Whatever the reason, I noticed that my mother was, for the first time, acting like she was looking forward to being a grandmother. She told my aunt that this was her life now, and basically that my aunt could help welcome these children into the family or get out of the way. Last week, she came home with two enormous boxes from Costco: car seats, you know, for our now non-existant minivan. I have no idea how she maneuvered them by herself into her own car.
"Let's go to Ikea," she says to me a few nights ago. She's already donned the new pair of sandals she bought the previous day at Ross Dress for Less.
"Ikea?" I ask, wearily. I've just slogged my way home from work through 45 minutes of rush-hour traffic on the Hollywood Freeway, a trip that should take 15 minutes.
"Yes, they have cute things," she says. "I want to look at cribs."
I've already been to Ikea and seen their cribs. A friend, furniture shopping for the patio of the nursing facility he runs, has already dragged me there and signed me up for Ikea Family, which is supposed to get you wonderful discounts and free Swedish meatballs or something -- if you ever remember to bring the card. But I want to encourage her burgeoning interest and assent, even though it means dragging my sore, stiff hindparts back into the car.
"Check to see if they have patio furniture," texts my friend as we enter.
"No, this stuff doesn't look like it would stand up to people not quite in control of their bodily functions," I text back. "I think I saw the collection you're looking for in the catalogue... it's called 'Pööpü.'"
"LOL... Ikea's Finnish?"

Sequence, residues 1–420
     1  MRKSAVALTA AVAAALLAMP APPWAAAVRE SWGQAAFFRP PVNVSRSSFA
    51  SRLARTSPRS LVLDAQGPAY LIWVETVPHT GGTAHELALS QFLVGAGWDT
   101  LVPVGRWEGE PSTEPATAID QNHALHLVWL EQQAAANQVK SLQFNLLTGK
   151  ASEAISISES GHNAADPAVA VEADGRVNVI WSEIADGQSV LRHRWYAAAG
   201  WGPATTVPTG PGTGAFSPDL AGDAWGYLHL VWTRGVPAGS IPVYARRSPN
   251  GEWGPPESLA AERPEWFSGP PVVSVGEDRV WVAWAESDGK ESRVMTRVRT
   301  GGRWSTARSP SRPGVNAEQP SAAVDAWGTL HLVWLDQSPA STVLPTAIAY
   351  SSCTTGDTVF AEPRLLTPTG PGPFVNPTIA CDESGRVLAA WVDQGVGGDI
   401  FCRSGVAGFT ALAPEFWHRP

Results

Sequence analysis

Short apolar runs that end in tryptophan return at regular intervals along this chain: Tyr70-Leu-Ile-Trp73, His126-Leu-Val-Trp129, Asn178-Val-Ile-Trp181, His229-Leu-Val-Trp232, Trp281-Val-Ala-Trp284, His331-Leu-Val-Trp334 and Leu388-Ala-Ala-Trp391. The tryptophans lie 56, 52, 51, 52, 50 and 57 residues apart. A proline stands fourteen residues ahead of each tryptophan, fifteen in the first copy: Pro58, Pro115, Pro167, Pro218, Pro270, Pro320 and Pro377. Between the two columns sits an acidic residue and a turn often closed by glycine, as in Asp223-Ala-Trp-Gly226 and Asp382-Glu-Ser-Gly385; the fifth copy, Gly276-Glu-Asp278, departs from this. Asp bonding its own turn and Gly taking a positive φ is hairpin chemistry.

Well, we thought it was funny, but we're language geeks.
Meanwhile, my mother has gone off in the direction she thinks is most likely to lead to children's furnishings. It leads instead through a jungle of silk plants, through a hundred different ways to organize your cabinets, and finally to an elevator which I know heads to where we want to be.
"Oh, isn't this DARLING!" she exclaims over the mass-produced, homey wooden toys. "Oh look!" she says, "you had a set of stacking rings like this!"
I'm pretty sure Tutankhamen had a set of stacking rings, and just about every child born since.
"Yours was plastic, though, not wooden."
"They don't have plastic in Sweden," I tell her.
|Laugh, though your feet are breaking...|
"Oh, that's much better!" she exclaims, as she proudly marches through Ikea in her bare feet. I'm afraid someone will run a cart over her toes. But no, we maneuver our way through the checkout line and out the door. I tell her to wait in the loading area as I go for the car.
She's still in her bare feet. Don't they sell sensible shoes at Ikea?